Meet Miss Homecoming candidate Camille Smith


When most people go to college they develop their interests in potential career paths, lifelong friends and various clubs — Camille Smith, however, grew her passion for the elderly, a community she feels is being largely overlooked within the Auburn Family.

Smith, senior in physical activity and health, spent a large amount of time her freshman year volunteering at homes for the elderly around Auburn. She stumbled upon a nursing home in Auburn, and during her first week of volunteering, she was asked if she played any musical instruments. Smith said she had dabbled in playing the guitar a little bit in high school, and suddenly she was the musical entertainment on Tuesdays.

“I approached it as, ‘Oh, I’m going to go in and somehow help all these people,’” Smith said regarding volunteering at nursing homes. “I think that’s the way we approach a lot of things. But what I found when I was there was that I left a much more enriched version of myself. I was hearing from people who have already read the chapters of the book that we’re currently in the midst of writing.”

Throughout her time in Auburn Smith has highly valued the input and insight of the people she meets through her community service, and because of this, she’s decided to make it her platform as a Miss Homecoming candidate.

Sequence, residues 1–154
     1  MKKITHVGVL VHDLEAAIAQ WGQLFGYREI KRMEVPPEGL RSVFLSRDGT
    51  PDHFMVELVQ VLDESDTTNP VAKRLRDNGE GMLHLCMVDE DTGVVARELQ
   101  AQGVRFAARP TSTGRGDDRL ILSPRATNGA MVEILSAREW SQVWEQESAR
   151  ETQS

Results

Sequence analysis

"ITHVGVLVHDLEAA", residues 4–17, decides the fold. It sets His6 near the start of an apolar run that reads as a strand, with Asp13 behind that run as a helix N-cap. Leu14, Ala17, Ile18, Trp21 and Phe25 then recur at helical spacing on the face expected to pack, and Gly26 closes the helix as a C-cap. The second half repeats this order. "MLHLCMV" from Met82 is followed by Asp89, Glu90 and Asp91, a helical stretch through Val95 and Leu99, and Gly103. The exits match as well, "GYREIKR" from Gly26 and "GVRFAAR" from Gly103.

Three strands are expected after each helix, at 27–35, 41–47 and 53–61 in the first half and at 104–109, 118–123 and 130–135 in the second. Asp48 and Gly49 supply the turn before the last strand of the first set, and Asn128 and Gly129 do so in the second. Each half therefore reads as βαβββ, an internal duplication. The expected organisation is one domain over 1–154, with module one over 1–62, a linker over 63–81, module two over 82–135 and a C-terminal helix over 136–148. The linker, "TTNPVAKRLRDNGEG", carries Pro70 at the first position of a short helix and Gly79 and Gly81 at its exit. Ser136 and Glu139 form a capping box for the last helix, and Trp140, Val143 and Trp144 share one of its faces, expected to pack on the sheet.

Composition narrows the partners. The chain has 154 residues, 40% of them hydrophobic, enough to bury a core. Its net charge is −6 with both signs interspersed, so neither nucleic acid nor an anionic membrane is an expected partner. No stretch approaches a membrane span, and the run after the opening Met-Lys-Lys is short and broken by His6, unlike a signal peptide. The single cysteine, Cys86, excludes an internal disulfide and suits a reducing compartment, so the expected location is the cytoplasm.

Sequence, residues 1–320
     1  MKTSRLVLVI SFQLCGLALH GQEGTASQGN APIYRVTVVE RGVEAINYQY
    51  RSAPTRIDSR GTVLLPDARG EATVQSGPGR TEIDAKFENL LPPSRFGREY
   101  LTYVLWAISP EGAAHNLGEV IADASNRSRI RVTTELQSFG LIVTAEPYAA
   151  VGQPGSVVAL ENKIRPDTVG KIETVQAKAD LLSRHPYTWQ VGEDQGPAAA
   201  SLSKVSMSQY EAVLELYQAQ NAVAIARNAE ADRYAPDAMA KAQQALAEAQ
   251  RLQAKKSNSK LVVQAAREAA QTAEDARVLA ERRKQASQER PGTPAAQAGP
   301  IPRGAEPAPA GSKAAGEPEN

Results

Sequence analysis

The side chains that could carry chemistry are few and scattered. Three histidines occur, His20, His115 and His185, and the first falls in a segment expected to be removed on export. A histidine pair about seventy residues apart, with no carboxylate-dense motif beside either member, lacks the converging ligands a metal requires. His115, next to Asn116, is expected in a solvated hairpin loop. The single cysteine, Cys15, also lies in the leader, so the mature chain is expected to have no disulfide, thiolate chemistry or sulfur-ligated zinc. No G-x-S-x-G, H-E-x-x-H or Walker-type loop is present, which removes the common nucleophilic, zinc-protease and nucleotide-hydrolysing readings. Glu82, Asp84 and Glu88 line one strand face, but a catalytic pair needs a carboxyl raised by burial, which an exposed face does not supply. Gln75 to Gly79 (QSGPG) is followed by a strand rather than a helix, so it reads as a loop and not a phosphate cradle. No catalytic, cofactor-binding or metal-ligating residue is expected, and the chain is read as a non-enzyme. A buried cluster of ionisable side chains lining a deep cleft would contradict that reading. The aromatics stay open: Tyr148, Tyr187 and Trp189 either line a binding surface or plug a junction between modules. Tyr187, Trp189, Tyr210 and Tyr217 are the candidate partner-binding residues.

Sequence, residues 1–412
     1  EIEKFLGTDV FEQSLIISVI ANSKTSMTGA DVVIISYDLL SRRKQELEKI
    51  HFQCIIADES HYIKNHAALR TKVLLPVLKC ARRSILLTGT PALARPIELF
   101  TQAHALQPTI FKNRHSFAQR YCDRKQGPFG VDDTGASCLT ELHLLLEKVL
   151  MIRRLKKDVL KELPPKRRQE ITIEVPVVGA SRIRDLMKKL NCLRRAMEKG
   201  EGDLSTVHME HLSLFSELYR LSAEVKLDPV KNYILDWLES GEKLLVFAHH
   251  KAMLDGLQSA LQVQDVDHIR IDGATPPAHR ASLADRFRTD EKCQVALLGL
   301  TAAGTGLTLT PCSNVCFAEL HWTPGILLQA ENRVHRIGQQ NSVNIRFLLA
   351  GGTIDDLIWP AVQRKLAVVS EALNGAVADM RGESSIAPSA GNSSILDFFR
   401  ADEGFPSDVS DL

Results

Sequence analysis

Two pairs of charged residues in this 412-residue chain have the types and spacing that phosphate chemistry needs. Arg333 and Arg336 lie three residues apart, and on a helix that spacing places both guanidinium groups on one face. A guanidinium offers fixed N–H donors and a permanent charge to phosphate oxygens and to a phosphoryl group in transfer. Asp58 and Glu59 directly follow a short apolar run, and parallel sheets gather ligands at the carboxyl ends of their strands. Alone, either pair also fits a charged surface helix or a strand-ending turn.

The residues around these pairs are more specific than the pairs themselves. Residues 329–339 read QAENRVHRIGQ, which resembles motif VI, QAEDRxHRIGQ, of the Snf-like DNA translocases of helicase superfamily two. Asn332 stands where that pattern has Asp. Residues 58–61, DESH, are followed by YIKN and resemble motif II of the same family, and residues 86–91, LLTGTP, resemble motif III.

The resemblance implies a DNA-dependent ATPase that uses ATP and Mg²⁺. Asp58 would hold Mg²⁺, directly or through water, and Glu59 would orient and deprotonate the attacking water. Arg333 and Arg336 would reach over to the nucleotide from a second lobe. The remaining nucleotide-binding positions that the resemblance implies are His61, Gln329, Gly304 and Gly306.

“So it’s a little different take (on a platform) than I think Auburn is used to seeing, especially this year because they kind of narrowed the scope to be just about Auburn — either the University or the community.”

Smith, during her time in college, has also been heavily involved in YoungLife, a Christian youth group, as a leader for Auburn High School girl students. She ties her experiences working with younger girls to her time spent in nursing homes together by the drastically different expectations she went in with versus the outlook she came out with. She is also a member of the Alpha Delta Pi sorority.

Smith believes that raising awareness of these voices can impact Auburn University for the better and that this older generation can shed light on the fact that this college-age stage of life is just the beginning. She wants Auburn students and residents to know these people are a part of our family and can be a resource to utilize.

Awareness is the starting point for her. Smith said the best thing she feels she can do with her platform at this point is simply to make the Auburn Family aware of these nursing homes and rehabilitation centers full of people with valuable insight.

Smith joked that she admires people that have a heart for children because she feels she’s always related to older people. She also continued to stress how much the older generation in Auburn has to offer, many of them having helped shape the University and almost all of them with wiser perspectives on life than college students.

“I harp on that we’re the Auburn Family,” she said. “So let’s not leave out a crucial portion of this family.”

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